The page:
Run Headless Ubuntu on an Atom Z8350 PC

If you search for Linux PC on Amazon this cute near $100 PC shows up. It comes with fake Windows and claims to support Linux (Debian). I immediately formatted the drive and installed Ubuntu. What followed was hours of agony…

The mini ‘Linux PC’ based on Atom Z8350 (2G/32G)

I’ve included the steps required to get the PC up and running but my experience was that the machine crashed frequently no matter how kind I was nor which OS was running. I’m still working on making this robust.

Boot into Bios — Select the Wifi Chip

Booting into the Bios requires that you press/hold the Delete key during boot. Specifically, the key that says “Delete” on it, not the Del key on the numeric pad.

The BIOS itself is incredibly primitive. Mainly it lets you set boot order and pick which network chip is installed — as if you have any idea. Mine was set to AP6255, which turned out to be correct. Reset the boot order so it boots from USB Disk first so you can install.

Install Lubuntu

Install with autologin (an option during the installation) so that it starts up a user console automatically. This is not secure but the computer isn’t going anywhere and it has no input nor output devices. I installed the minimal installation. The full installation is much simpler to do wireless but the screen sharing feature I had trouble with. There’s a version created specifically for these boxes available here that was the most stable distribution I tried.

Fix Power-Saving Atom Crash

I installed Ubuntu and Lubuntu and … and all of them ran for a few seconds then crashed. It turns out that there’s a known bug with the Atom and power saving modes. To repair the constant crashing add an option to the bootup cycle to disable the power-saving.

sudo nano /etc/default/grub

Change the line with GRUB_CMDLINE_LINUX_DEFAULT and add “intel_idle.max_cstate=1”. On my system that became

GRUB_CMDLINE_LINUX_DEFAULT="quiet splash intel_idle.max_cstate=1"

Enable Wifi

The Wifi situation is complicated. The Z83W has a Broadcom Wifi chip inside of it that requires a driver. To get the driver, download this link then take that file and copy it to /lib/firmware/brcm/brcmfmac43455-sdio.txt. Note that this file is specific to the hardware and won’t work with all mini systems necessarily.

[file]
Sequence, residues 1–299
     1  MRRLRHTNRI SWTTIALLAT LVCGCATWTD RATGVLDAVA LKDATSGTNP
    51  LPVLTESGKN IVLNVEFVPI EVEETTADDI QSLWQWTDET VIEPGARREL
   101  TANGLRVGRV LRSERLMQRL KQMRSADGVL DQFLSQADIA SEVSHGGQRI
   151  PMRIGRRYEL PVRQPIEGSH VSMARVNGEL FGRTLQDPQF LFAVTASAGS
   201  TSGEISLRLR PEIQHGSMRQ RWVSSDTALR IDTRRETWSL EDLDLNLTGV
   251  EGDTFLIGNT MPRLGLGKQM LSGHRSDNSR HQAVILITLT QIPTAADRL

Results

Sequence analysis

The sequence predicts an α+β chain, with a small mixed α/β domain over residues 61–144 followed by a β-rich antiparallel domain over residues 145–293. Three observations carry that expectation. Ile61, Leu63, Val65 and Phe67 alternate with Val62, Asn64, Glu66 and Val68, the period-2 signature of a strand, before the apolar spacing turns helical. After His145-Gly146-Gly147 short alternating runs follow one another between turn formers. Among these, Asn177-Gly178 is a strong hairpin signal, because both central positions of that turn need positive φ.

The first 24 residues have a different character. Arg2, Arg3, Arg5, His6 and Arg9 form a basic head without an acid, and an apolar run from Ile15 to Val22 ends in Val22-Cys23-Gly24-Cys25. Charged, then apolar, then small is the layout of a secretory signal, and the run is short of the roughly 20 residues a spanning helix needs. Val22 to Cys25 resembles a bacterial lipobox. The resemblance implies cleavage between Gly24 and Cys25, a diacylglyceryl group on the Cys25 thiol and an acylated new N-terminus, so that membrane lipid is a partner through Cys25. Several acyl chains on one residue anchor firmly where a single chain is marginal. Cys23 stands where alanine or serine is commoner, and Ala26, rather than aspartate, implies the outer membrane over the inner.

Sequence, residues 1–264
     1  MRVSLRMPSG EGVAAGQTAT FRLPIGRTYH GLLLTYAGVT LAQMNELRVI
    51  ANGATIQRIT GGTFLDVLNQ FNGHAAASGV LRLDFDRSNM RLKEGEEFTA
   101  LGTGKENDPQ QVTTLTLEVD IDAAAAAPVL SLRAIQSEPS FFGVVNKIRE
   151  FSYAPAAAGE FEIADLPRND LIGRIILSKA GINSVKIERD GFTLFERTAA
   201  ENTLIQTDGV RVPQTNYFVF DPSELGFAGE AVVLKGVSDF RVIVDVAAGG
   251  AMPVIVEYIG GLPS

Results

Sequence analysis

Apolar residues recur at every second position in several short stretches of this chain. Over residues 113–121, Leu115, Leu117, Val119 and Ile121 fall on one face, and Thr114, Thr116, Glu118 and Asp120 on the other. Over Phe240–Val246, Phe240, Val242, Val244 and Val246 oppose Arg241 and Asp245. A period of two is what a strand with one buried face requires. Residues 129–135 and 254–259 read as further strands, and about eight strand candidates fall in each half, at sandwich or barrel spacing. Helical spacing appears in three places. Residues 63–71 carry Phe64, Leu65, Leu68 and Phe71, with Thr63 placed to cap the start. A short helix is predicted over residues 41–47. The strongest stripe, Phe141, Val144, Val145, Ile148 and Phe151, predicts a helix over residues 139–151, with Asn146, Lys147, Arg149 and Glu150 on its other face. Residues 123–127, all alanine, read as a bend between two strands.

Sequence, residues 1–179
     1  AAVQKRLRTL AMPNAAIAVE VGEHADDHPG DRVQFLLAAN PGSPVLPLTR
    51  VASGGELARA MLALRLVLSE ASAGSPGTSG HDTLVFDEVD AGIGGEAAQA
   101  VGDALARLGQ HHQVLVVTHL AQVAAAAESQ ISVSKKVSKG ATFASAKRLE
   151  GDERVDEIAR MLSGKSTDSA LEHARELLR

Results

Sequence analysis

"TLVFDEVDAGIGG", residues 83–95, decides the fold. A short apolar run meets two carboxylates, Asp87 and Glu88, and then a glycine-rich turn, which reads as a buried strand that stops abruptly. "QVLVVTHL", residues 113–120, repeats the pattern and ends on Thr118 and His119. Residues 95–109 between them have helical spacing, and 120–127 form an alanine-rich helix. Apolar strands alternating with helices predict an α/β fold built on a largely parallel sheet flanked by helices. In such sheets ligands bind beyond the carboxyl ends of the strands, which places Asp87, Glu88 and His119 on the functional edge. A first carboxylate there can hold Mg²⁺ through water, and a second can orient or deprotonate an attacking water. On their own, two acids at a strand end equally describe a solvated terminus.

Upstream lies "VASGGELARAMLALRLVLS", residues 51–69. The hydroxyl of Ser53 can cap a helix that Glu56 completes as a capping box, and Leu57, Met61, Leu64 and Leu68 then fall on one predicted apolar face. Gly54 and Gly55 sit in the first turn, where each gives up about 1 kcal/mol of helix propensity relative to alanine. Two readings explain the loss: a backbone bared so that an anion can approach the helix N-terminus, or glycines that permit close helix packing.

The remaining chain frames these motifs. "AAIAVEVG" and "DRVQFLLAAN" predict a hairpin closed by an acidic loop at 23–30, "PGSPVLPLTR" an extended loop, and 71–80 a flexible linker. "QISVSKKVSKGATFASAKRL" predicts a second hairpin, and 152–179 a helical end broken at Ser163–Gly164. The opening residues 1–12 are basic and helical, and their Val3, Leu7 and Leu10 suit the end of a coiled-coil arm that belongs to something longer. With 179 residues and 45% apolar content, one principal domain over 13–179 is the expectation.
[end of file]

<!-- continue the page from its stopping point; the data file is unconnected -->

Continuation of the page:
Once rebooted, available wifi networks should show up in the network gui on the bar.

Connect to Wireless Network

If you can’t use the GUI, the simplest approach is to edit /etc/network/interfaces and add a section.

auto wlan0
iface wlan0 inet dhcp
wpa-ssid theNetworkSsid
wpa-psk thePassword

After a reboot the wireless connects to network and we’re off.

Install SSH

We want to use SSH and VNC to connect, so install the SSH server.

sudo apt install ssh

Get VNC to work Headless

This is harder than it sounds. As usual answers differ depending on flavors.

On Lubuntu, this just works if you run the x11vnc line manually or in .profile.

#you may change resolution by creating a frame buffer first
xrandr --fb 2048x1280 -d :0
# now run the server in background
/usr/bin/x11vnc -xkb -auth /var/run/gdm3/root/:0 -noxrecord -noxfixes -noxdamage -rfbauth /etc/x11vnc.pass -forever -bg -rfbport 5900 -o /var/log/x11vnc.log

On Ubuntu 18.04 with the minimal installation, primarily the answer is: see here. The trick is to install a virtual screen driver (xserver-xorg-video-dummy) and then use it at startup instead of a monitor. Otherwise the screen never initializes headless. Install the driver and add the xorg.conf file as described. Then reboot.

I used x11vnc, which seemed recommended. It installed comfortably and it can run with the virtual screen driver.

First, create a password file in etc.

# Create the password file
sudo /usr/bin/x11vnc -storepasswd /etc/x11vnc.pass
# I often want to access from user account so...
sudo chmod 666 /etc/x11vnc.pass
# Create a blank log file
echo 0 >x11vnc.log
sudo cp x11vnc.log /var/log
sudo chmod 666 /var/log/x11vnc.log

Use this invocation (here the gdm3 folder is where the desktop manager lives and the log file was just created).

/usr/bin/x11vnc -xkb -auth /var/run/gdm3/root/:0 -noxrecord -noxfixes -noxdamage -rfbauth /etc/x11vnc.pass -forever -bg -rfbport 5900 -o /var/log/x11vnc.log
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